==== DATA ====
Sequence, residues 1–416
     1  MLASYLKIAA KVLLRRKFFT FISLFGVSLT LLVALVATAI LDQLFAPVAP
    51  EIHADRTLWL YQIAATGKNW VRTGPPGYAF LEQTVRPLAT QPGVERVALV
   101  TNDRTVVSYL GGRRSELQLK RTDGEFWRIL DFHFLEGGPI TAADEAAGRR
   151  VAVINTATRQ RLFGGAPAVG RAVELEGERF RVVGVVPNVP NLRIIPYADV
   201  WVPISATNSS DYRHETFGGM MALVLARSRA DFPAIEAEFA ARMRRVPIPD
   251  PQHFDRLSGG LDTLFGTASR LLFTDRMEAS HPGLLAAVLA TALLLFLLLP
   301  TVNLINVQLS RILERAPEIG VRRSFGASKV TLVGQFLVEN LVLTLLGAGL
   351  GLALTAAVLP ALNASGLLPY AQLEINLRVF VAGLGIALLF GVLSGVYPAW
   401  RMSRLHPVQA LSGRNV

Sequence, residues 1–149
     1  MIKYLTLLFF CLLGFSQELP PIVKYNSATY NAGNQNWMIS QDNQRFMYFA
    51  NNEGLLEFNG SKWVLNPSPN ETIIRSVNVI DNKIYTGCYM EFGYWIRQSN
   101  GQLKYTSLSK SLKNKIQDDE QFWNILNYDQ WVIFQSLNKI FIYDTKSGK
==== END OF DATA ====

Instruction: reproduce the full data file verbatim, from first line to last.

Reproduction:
Sequence, residues 1–416
     1  MLASYLKIAA KVLLRRKFFT FISLFGVSLT LLVALVATAI LDQLFAPVAP
    51  EIHADRTLWL YQIAATGKNW VRTGPPGYAF LEQTVRPLAT QPGVERVALV
   101  TNDRTVVSYL GGRRSELQLK RTDGEFWRIL DFHFLEGGPI TAADEAAGRR
   151  VAVINTATRQ RLFGGAPAVG RAVELEGERF RVVGVVPNVP NLRIIPYADV
   201  WVPISATNSS DYRHETFGGM MALVLARSRA DFPAIEAEFA ARMRRVPIPD
   251  PQHFDRLSGG LDTLFGTASR LLFTDRMEAS HPGLLAAVLA TALLLFLLLP
   301  TVNLINVQLS RILERAPEIG VRRSFGASKV TLVGQFLVEN LVLTLLGAGL
   351  GLALTAAVLP ALNASGLLPY AQLEINLRVF VAGLGIALLF GVLSGVYPAW
   401  RMSRLHPVQA LSGRNV

Sequence, residues 1–149
     1  MIKYLTLLFF CLLGFSQELP PIVKYNSATY NAGNQNWMIS QDNQRFMYFA
    51  NNEGLLEFNG SKWVLNPSPN ETIIRSVNVI DNKIYTGCYM EFGYWIRQSN
   101  GQLKYTSLSK SLKNKIQDDE QFWNILNYDQ WVIFQSLNKI FIYDTKSGK